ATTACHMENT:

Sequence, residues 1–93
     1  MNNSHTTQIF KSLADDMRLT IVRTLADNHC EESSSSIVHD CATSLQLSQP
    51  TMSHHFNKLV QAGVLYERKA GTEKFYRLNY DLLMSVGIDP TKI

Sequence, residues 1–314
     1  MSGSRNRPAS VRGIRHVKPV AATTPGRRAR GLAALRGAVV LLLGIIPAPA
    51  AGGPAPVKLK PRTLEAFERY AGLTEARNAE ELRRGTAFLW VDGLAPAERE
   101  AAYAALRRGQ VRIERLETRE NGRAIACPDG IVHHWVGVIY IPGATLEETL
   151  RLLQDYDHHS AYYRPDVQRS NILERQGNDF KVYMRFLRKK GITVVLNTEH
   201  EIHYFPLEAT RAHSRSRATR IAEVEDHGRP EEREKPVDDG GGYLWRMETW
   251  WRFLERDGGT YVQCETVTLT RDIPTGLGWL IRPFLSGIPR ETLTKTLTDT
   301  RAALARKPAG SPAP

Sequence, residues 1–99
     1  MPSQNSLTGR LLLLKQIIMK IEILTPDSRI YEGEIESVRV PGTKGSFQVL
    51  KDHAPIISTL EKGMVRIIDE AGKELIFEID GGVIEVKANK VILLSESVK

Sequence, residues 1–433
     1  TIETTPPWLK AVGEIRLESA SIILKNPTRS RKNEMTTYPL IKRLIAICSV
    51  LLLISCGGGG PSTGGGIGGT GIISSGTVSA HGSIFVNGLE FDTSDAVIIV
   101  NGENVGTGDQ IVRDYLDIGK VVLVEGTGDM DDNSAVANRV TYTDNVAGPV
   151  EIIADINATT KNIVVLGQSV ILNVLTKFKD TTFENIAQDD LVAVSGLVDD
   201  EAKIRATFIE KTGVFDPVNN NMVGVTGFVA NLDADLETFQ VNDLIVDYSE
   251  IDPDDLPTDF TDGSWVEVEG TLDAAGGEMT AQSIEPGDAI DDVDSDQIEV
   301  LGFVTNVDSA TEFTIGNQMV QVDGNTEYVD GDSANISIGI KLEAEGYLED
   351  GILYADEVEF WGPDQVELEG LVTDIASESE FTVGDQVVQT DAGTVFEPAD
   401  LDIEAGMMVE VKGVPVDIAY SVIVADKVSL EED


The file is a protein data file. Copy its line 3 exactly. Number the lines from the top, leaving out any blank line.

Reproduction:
    51  TMSHHFNKLV QAGVLYERKA GTEKFYRLNY DLLMSVGIDP TKI